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Dodge-Lawrence Assistantships at the Zimmeli Art Museum, Russian and Soviet Art

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    Cian Stryker

    Dodge-Lawrence Assistantships at the Department of Russian and Soviet Art, Zimmerli Art Museum for Rutgers University Graduate Students
    The Department of Russian and Soviet Nonconformist Art at the Zimmerli Art Museum at Rutgers University offers Dodge-Lawrence Graduate Assistantships to students, also known as Dodge-Lawrence Fellows. Endowed in 1997 by Francis L. Lawrence, the president of Rutgers University at the time, in honor of Norton T. and Nancy Dodge, this assistantship program provides selected students with full tuition, fees, health benefits, and an annual stipend for living expenses.
    Dodge-Lawrence Fellowships are given for one year, with a possibility of renewal on a yearly basis for up to five years. Students are obliged to work 15 hours each week during the academic year within the Zimmerli’s Department of Russian and Soviet Nonconformist Art. Their work is supervised by Dr. Julia Tulovsky, Curator for Russian and Soviet Nonconformist Art. Dodge-Lawrence fellows will be engaged in a variety of activities depending on their skills and the current needs of the department. The activities may vary from office work to assisting with curatorial, editorial, research and collection management projects.
    The successful applicant should be enrolled/will enroll in a graduate program in any department of Rutgers University (at either the MA/Ph.D or Ph.D level) and in academic good standing. Preference will be given to students who are interested in the art and culture of the former Soviet Union, have knowledge of Russian and/or other relevant languages, and possess skills that would enable them to assist in the projects planned for and in progress in the museum’s department. Their dissertation research may encompass a range of time periods and cultural areas.
    The goal of the program is to contribute to the activities of the Department of Russian and Soviet Nonconformist Art. As a result of their work within the museum, students gain a broad range of professional experience that advances their careers.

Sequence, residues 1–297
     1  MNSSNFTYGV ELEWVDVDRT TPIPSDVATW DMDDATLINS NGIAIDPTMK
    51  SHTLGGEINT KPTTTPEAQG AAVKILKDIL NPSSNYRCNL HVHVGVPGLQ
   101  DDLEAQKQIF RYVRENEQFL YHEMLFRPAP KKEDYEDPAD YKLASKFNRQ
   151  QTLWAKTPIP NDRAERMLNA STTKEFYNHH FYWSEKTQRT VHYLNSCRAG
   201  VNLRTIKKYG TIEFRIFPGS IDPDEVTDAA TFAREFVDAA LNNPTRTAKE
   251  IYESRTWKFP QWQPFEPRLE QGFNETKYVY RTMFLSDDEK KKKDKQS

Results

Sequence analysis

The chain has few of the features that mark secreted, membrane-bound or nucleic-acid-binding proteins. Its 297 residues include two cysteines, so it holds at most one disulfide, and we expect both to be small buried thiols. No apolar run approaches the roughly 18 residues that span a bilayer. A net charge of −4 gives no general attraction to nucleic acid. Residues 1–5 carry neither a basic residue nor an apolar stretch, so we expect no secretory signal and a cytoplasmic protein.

The Department of Russian and Soviet Nonconformist Art at the Zimmerli Art Museum oversees The George Riabov Collection of Russian Art, The Norton and Nancy Dodge Collection of Nonconformist Art from the Soviet Union, and Claude and Nina Gruen Collection of Contemporary Russian Art.
    The George Riabov Collection of Russian Art at the Zimmerli Art Museum was donated to the Zimmerli Art Museum in 1990 and contains close to 2,000 works of art. It is the only public collection in the United States that presents an overview of Russian art from icons to the twentieth century, assembling a range of art in all media to document styles and subjects representing Russia’s history and artistic heritage. It encompasses Russian contributions within the context of international art history from the 18th century through the 20th centuries, as well as genres and imagery specific to Russia, such as Russian Orthodox icons, topographical views of Russian cities, and folk prints known as lubki.
    The Norton and Nancy Dodge Collection of Nonconformist Art from the Soviet Union, donated to Rutgers University’s Zimmerli Art Museum in 1991, comprises more than 20,000 works of art by close to 1,000 artists and is the largest of its kind in the world. The Dodge holdings document the activities of underground artists from Moscow and Leningrad, as well as from the former Soviet republics of Estonia, Latvia, Lithuania, Armenia, Georgia, Azerbaijan, Ukraine, Belarus, Moldova, Kazakhstan, and Uzbekistan between 1956 and 1986—from Khrushchev’s cultural thaw, to Gorbachev’s “glasnost” and “perestroika.” The collection also includes works from the end of World War II through the end of the Gorbachev era and several related archives, making it a unique center for research on Soviet unofficial art.
    The Claude and Nina Gruen Collection comprises approximately 160 works by leading Russian contemporary artists and reflects art strategies employed by Russian artists from cultural stagnation under Brezhnev to Gorbachev’s perestroika and beyond. The Gruen contribution extends the Zimmerli’s holdings of Russian art to the present day, displays a broad spectrum of art paradigms, and creates a solid base at the museum for further research and exploration.
    The Zimmerli Art Museum at Rutgers, founded in 1966, is among the largest university museums in the United States. Serving both university and community audiences, the Zimmerli has a permanent collection of more than 60,000 works, ranging from ancient to contemporary art and featuring particularly rich holdings in the areas of French art of the 19th century, Russian and Soviet Nonconformist Art, and works on paper, including prints, rare books, drawings, photographs, and original illustrations for children’s books. For additional information, visit
    While submitting their application to the Graduate School, qualified students may also apply by letter to Dr. Julia Tulovsky at the Zimmerli Art Museum. Deadline is January 10th 2018. For further information, please contact Dr. Tulovsky at

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